6 Must-read kids books

Could one of these classics be the perfect Christmas gift for the young book-lover in your life?

While there are hundreds of wonderful children’s books released each year, sometimes, it’s easy to forget the classics.

Take a look at these six 20th century titles that might just be the perfect Christmas gift for the kid in your life.

1. The Railway Children by E. Nesbit, 1906

Who: Edith Nesbit has been hailed as the first “modern writer” for children, with her stories facing up to the tragedies of real life.

Why: Edith’s own sad childhood – her father died when she was four – and a move to the country is mirrored in this tale of siblings Roberta, Peter and Phyllis, who scuttle to Yorkshire with their mother when their father is imprisoned. A railway runs along the back of their house, as it did in Nesbit’s.

2. The Wind in the Willows by Kenneth Grahame, 1908

Who: Edinburgh-born Grahame worked in a bank until the stories he wrote for son Alastair – nicknamed “Mouse” – were published and turned into a play with the help of Winnie the Pooh creator, A.A. Milne.

Why: As a boy, Grahame loved the woods, and his animal characters have distinct personalities: Mole (nosy and loving); Ratty (dapper and mannered); Badger (bad-tempered and stern); and Toad (conceited and madcap).

3. The Magic Pudding by Norman Lindsay, 1918

Who: Author Lindsay wrote and illustrated this tale to settle an argument with Bertram Stevens of The Bulletin and Art in Australia that children only liked to read about fairies.

Why: And so the Magic Pudding, that kept on giving, won. Yet the pudding, which walks and talks, is the meanest and sulkiest pudding ever – as koala Bunyip Bluegum, sailor Bill Barnacle and penguin Sam Sawnoff (as members of the Noble Society of Pudding Owners) discover.

4. Emil and the Detectives by Erich Kastner, 1929

Who: Only child Kastner was devoted to his mother, joined the army at 18, but was strongly anti-war. His books were regarded as anti-German by the Nazis and burnt, but the one about only child Emil survived the pyre.

Why: When Emil is robbed of his single mother’s hard earned savings on a journey to visit his grandmother in Berlin, he enlists a squad of street kids on a race across the city to find the culprit. One of the first children’s books to depict a rounded single-parent family, where the child acts without guidance.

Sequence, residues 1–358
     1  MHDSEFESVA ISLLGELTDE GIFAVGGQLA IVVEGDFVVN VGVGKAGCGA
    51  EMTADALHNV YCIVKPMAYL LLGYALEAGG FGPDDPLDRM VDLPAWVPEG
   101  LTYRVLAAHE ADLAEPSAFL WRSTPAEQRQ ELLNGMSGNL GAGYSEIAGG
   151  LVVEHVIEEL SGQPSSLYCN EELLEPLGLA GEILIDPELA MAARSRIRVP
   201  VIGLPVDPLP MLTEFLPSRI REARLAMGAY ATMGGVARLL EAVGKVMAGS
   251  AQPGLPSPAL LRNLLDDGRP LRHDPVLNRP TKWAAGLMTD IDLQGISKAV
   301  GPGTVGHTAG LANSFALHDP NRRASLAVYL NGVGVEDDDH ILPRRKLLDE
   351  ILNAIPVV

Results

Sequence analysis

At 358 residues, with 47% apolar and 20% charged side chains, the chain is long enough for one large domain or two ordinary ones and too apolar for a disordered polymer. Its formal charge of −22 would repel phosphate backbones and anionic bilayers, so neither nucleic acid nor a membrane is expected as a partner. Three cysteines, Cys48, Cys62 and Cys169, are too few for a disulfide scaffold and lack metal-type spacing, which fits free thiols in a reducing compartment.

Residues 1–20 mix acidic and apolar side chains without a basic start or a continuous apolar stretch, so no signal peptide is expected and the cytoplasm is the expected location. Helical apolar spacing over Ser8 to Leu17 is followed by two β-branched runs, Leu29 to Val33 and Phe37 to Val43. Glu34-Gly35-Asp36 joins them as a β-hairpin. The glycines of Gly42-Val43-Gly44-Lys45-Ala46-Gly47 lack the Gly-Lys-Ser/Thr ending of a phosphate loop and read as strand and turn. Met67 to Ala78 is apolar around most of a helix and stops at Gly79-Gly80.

5. The Lion, the Witch and the Wardrobe by C.S. Lewis, 1950

Who: Beloved Professor Lewis was an Oxford academic and tutor. He and J.R.R. Tolkien (The Hobbit) were both members of elite literary circle, The Inklings.

Why: Lewis’ characters are unforgettable and have inspired artists and film-makers alike. The stories of Peter, Susan, Lucy and Edmund Pevensie in Narnia – with noble lion Aslan and the evil White Witch – will never fade.

6. Playing Beatie Bow by Ruth Park, 1980

Who Born in New Zealand, Ruth Park went to Australia in 1942 to continue her career as a journalist. She married the writer D’Arcy Niland (The Shiralee) and wrote more than 50 books. She won the Australian Children’s Book of the Year Award and the Boston Globe-Horn Book Award (US) for Playing Beatie Bow. She was made a Member of the Order of Australia in 1987 and passed away in 2010.

Why Playing Beatie Bow shadows Abigail as she suddenly finds herself in the Sydney of 100 years ago – the result of a scary game. “Now then,” thought Abigail, “something very weird has happened to me. I’m in the last century. I don’t know why and that doesn’t matter. I’ve got to get back.”

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